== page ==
Lennert B, Bibeau W, Farrelly E, Sacco P, Schoor T. Assessment of treatment patterns and patient outcomes in levodopa-induced dyskinesias (ASTROID): a US chart review study. Am Health Drug Benefits. 2012 Sep;5(6):347-58.

BACKGROUND: No curative therapy is available for Parkinson’s disease; therefore, one of the main goals of treatment is to control motor symptoms, often via the use of levodopa (also known as L-dopa). However, prolonged levodopa treatment in Parkinson’s disease has been associated with the development of motor fluctuations and the occurrence of levodopa-induced dyskinesias (LIDs).

OBJECTIVE: To gain a clear, empirical understanding of the current real-world approach to treatment and patient outcomes associated with Parkinson’s disease and LIDs.

METHODS: This study used a mixed methodology, combining a cross-sectional survey of neurologists practicing in the United States, a retrospective chart review of patients with Parkinson’s disease and LIDs, and cross-sectional surveys of health-related quality of life (QOL) and physical functioning in patients with Parkinson’s disease. The surveys included the 39-item Parkinson’s Disease Questionnaire, the Unified Parkinson’s Disease Rating Scale, the Parkinson Disease Dyskinesia 26-item Scale, and the modified Abnormal Involuntary Movement Scale (mAIMS). Survey and chart data were collected between May 2010 and July 2011. Descriptive analyses were used to evaluate the distribution of study variables, treatment patterns, patient QOL, and patient physical functioning.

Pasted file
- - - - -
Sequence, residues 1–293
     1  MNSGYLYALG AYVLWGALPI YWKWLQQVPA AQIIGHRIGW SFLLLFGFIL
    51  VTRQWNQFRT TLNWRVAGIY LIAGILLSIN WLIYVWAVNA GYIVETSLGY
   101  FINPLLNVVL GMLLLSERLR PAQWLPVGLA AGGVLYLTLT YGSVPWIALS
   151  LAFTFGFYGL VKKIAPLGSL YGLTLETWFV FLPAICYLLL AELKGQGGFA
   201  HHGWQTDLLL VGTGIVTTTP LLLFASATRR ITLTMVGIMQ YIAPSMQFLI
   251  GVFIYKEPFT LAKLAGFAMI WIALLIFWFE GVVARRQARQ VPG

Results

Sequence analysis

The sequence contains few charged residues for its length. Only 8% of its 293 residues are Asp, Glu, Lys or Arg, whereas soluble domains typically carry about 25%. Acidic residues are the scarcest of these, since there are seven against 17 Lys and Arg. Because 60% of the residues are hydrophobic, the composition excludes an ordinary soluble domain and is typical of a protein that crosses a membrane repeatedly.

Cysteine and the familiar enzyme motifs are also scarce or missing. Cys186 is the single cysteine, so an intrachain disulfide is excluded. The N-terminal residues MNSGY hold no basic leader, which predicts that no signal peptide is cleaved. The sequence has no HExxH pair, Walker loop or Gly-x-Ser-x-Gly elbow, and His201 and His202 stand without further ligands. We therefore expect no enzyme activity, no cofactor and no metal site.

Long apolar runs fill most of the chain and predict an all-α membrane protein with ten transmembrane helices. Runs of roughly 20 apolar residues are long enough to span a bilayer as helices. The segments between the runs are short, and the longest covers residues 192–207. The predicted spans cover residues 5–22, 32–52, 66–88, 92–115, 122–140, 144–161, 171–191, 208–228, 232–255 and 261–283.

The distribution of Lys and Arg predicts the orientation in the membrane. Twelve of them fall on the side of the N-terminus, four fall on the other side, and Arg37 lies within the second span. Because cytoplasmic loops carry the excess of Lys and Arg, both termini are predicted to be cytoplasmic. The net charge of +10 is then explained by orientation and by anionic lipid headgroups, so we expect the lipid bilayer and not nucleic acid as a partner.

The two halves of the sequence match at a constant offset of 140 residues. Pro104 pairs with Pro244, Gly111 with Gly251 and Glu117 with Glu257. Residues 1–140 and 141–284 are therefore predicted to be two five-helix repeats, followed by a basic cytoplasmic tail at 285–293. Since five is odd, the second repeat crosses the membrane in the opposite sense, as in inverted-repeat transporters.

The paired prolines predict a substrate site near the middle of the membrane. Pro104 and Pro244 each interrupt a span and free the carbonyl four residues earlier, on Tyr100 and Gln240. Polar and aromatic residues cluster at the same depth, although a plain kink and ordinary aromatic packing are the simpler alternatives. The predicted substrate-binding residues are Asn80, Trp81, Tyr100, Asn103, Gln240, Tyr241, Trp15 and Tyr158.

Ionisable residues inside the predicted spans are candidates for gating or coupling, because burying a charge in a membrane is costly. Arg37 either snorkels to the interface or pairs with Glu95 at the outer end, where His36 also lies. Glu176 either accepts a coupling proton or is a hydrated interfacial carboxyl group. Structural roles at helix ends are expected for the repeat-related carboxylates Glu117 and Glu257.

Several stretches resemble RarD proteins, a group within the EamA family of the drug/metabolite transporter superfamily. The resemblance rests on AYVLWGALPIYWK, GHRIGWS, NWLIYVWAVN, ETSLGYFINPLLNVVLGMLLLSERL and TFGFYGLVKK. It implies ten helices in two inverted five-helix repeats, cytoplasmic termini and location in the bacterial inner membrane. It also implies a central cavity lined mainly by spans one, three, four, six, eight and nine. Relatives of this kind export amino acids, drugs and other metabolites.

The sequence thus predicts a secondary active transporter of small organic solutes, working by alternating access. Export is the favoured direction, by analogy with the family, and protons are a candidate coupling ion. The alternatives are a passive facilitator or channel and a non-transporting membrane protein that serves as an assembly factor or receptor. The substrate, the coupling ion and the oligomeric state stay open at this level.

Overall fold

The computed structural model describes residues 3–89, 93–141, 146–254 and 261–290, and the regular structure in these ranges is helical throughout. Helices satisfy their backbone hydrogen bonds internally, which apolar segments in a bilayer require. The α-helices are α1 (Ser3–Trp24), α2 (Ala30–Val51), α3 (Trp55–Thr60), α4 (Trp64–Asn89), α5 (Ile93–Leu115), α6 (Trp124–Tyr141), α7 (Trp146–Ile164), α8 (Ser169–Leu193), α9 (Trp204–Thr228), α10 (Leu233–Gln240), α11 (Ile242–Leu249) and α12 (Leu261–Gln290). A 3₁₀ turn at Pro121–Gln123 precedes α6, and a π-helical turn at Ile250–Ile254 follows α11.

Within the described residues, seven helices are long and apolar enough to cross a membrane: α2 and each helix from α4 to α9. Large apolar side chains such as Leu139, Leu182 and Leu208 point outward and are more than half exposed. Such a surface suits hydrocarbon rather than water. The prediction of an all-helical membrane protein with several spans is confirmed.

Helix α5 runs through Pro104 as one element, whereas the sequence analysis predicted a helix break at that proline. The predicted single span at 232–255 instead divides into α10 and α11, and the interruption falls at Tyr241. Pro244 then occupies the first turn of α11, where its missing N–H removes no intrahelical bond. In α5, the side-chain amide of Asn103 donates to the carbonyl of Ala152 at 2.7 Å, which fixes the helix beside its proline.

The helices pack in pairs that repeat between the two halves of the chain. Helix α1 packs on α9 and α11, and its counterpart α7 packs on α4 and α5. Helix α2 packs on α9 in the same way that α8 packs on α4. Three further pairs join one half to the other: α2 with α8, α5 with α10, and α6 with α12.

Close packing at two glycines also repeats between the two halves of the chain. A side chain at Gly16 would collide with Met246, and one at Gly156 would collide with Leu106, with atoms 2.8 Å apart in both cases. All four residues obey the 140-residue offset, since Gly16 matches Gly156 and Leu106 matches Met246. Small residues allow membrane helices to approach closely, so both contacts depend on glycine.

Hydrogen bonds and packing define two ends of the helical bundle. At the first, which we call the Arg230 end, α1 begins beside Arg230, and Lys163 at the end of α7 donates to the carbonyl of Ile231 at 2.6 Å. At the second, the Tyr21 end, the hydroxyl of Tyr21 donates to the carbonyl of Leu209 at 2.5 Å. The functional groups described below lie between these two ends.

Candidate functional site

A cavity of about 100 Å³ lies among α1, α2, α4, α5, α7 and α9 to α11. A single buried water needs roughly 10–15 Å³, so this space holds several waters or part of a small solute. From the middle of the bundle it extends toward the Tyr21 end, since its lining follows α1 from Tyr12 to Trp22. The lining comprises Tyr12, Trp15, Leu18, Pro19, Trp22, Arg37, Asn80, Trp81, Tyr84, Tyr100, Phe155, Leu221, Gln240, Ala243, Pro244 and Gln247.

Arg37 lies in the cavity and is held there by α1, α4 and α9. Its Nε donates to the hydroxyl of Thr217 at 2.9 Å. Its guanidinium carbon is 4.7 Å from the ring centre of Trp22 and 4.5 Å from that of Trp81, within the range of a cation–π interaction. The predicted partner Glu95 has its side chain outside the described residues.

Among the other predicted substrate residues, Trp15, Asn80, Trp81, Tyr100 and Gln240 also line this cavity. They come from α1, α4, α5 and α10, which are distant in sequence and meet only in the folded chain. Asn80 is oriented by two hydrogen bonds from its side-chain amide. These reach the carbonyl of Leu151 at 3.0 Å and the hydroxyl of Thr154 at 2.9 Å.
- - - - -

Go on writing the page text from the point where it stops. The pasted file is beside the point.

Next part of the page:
RESULTS: Data from 7 neurologists and from 172 patients with Parkinson’s disease and LIDs were collected. Results from the physician survey indicate that prescribing patterns depend largely on the severity of LIDs, assessed via mAIMS. Most patients (88%) received pharmacologic therapy as first-line treatment for LIDs, with monotherapy favored in patients with mild LIDs and combination therapy in patients with moderate-to-severe LIDs. The mean time from the diagnosis of LID to the administration of first-line treatment for the condition was 10.7 months (standard deviation, 14.0 months). The study population reflects a mean time from levodopa initiation to the onset of LIDs of slightly more than 5 years, regardless of the levodopa dosage. Results from the chart review and the physician survey suggest a strong alignment in severity classification among the assessment scales used.

CONCLUSION: These findings indicate that the diagnosis and the treatment of Parkinson’s disease and LIDs are not optimal, because of the length of time from diagnosis to treatment, and because of the variability in treatment selection and response. Additional real-world studies are recommended to better understand treatment patterns, compliance with guidelines, and their potential impact on patient outcomes.

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